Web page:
Audie Murphy - Hunt County Courthouse - Greenville, TX
Posted by: Groundspeak Premium Member QuarrellaDeVil
N 33° 08.384 W 096° 06.399
14S E 769904 N 3670506
Quick Description: A memorial to Hunt County native, Audie Murphy, on the grounds of the Hunt County Courthouse quotes something that Lt. Murphy said regularly after World War II.
Location: Texas, United States
Date Posted: 10/8/2017 8:36:17 AM
Waymark Code: WMWRRF
Published By: Groundspeak Premium Member Outspoken1
Views: 1

Long Description:
Standing atop a one ton red granite base, the memorial is a bronze bust which was sculpted by Bill Leftwich and dedicated in 2000. It features Audie Murphy from the chest up, with a slight grin and his eyes looking up. Although wearing a combat helmet, he is depicted wearing all of his awards and medals, and the author's signature is on Murphy's right shoulder, also noting that the bust was cast by the Mesa Cross Foundry in Sanderson, TX. A small bronze plaque on the front of the monument reads:

Lt. Audie Leon Murphy
June 20, 1924 - May 28, 1971

WWII Most Decorated Hero
A Man of Uncommon Valor
A Man Set Apart by Great Deeds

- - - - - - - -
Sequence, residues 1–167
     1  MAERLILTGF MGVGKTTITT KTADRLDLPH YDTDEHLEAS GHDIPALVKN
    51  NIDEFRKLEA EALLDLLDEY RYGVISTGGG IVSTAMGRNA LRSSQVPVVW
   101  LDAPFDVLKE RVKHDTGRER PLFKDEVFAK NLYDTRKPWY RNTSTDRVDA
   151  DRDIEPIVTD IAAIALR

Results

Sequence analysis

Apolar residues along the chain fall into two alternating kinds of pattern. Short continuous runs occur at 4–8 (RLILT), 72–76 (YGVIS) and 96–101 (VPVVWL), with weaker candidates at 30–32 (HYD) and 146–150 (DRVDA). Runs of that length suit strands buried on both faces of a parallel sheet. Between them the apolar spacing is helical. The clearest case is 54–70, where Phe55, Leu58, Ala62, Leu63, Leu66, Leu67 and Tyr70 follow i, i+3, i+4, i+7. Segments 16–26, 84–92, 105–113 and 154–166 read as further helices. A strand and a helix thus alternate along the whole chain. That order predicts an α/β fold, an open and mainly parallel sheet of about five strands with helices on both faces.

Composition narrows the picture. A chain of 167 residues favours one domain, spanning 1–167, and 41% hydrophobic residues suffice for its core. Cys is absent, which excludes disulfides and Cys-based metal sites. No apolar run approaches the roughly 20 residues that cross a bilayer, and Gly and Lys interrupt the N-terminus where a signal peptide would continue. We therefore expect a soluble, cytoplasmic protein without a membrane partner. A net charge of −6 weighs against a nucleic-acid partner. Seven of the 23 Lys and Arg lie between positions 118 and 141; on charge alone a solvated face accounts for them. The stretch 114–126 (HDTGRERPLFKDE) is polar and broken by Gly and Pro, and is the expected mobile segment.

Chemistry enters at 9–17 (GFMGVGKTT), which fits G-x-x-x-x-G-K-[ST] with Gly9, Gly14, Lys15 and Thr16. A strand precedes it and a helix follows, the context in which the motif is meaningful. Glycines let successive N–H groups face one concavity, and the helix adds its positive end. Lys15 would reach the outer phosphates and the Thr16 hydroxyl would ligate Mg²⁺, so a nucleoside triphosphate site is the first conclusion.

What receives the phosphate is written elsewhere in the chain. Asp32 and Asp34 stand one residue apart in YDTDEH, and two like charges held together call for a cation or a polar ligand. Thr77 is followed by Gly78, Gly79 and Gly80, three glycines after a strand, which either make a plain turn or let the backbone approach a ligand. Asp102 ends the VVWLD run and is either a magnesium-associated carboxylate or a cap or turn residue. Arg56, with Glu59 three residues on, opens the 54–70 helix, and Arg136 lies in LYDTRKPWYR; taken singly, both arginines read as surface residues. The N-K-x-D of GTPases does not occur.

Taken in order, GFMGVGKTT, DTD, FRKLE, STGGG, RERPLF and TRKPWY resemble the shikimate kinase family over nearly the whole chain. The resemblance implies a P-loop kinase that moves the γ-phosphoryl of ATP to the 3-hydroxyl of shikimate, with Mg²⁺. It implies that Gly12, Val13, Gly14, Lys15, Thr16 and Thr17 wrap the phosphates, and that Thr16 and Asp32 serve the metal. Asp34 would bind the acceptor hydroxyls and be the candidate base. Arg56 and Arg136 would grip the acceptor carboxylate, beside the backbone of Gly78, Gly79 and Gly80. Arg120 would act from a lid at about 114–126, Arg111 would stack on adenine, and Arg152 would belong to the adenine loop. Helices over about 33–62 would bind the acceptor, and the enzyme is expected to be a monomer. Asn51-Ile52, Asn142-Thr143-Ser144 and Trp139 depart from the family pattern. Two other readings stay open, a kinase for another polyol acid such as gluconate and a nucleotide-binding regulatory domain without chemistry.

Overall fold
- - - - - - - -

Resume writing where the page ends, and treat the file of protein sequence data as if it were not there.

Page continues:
A Man Able to Face Danger
With Determination

"The Real Heroes of the War Are
The Men Who Never Came Home"...
Lt. Audie Leon Murphy


--

Audie Murphy hailed from Celeste, TX, just northwest of here, and a 1973 Texas Historical Marker there provides a mini-biography:

Most decorated soldier in World War II. Born 4.5 miles south, June 20, 1924, sixth of nine children of tenant farmers Emmett and Josie Killian Murphy. Living on various farms, Audie Murphy went to school through the 8th grade in Celeste -- considered the family's home town. He had to quit school to help support the family, acquiring marksmanship skills by hunting to provide food. On his 18th birthday, after being rejected by the Marines because of his size (5 feet, 7 inches; 130 pounds), he enlisted in the Army while working in Greenville.

For unusual courage and bravery, he received 24 decorations, including the U.S. Congressional Medal of Honor; the French Legion of Honor, Chevalier: the Distinguished Service Cross; and a Silver Star.

After the war he became a successful actor, his most prominent role portraying himself in the film "To Hell and Back," his war career autobiography.

Following his untimely death in a plane crash in Virginia, May 28, 1971, and burial in Arlington National Cemetery, the U.S. Congress paid him a final tribute, dedicating a new veterans' hospital in San Antonio to the memory of this American hero.

Survived by widow Pamela, sons Terry and James.

Address:
2507 Lee St, Greenville, TX 75401


Website: [Web Link]

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